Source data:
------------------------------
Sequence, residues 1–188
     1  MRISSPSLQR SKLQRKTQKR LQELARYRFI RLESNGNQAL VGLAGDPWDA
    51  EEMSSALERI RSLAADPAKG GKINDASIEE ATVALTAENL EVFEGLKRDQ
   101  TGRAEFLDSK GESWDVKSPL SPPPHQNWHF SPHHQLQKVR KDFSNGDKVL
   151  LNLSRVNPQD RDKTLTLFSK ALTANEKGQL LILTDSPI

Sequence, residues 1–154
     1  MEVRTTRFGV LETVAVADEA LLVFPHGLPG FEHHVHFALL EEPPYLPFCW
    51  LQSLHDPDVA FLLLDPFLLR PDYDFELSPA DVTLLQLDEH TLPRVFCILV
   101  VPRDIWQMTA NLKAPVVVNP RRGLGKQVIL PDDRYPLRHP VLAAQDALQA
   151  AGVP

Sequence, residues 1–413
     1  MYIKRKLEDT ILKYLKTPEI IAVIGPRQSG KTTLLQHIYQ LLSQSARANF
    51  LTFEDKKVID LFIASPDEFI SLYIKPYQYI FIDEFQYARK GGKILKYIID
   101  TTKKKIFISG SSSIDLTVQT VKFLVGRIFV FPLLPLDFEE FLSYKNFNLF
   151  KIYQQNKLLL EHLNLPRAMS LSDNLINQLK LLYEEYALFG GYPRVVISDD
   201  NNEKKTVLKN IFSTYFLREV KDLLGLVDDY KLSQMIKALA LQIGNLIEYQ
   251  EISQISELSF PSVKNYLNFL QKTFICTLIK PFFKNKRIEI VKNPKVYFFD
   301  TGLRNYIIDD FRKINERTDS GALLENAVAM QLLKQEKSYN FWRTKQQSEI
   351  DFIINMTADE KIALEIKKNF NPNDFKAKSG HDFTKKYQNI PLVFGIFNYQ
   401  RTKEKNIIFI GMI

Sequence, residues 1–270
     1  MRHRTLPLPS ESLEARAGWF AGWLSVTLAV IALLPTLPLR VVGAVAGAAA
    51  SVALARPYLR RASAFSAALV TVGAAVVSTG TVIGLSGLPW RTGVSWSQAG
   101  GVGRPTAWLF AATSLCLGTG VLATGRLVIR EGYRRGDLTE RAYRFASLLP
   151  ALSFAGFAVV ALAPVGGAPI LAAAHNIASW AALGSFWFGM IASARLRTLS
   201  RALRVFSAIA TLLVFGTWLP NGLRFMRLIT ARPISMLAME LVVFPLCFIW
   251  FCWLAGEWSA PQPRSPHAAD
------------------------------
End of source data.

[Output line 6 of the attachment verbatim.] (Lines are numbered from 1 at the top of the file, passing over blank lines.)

Sequence, residues 1–154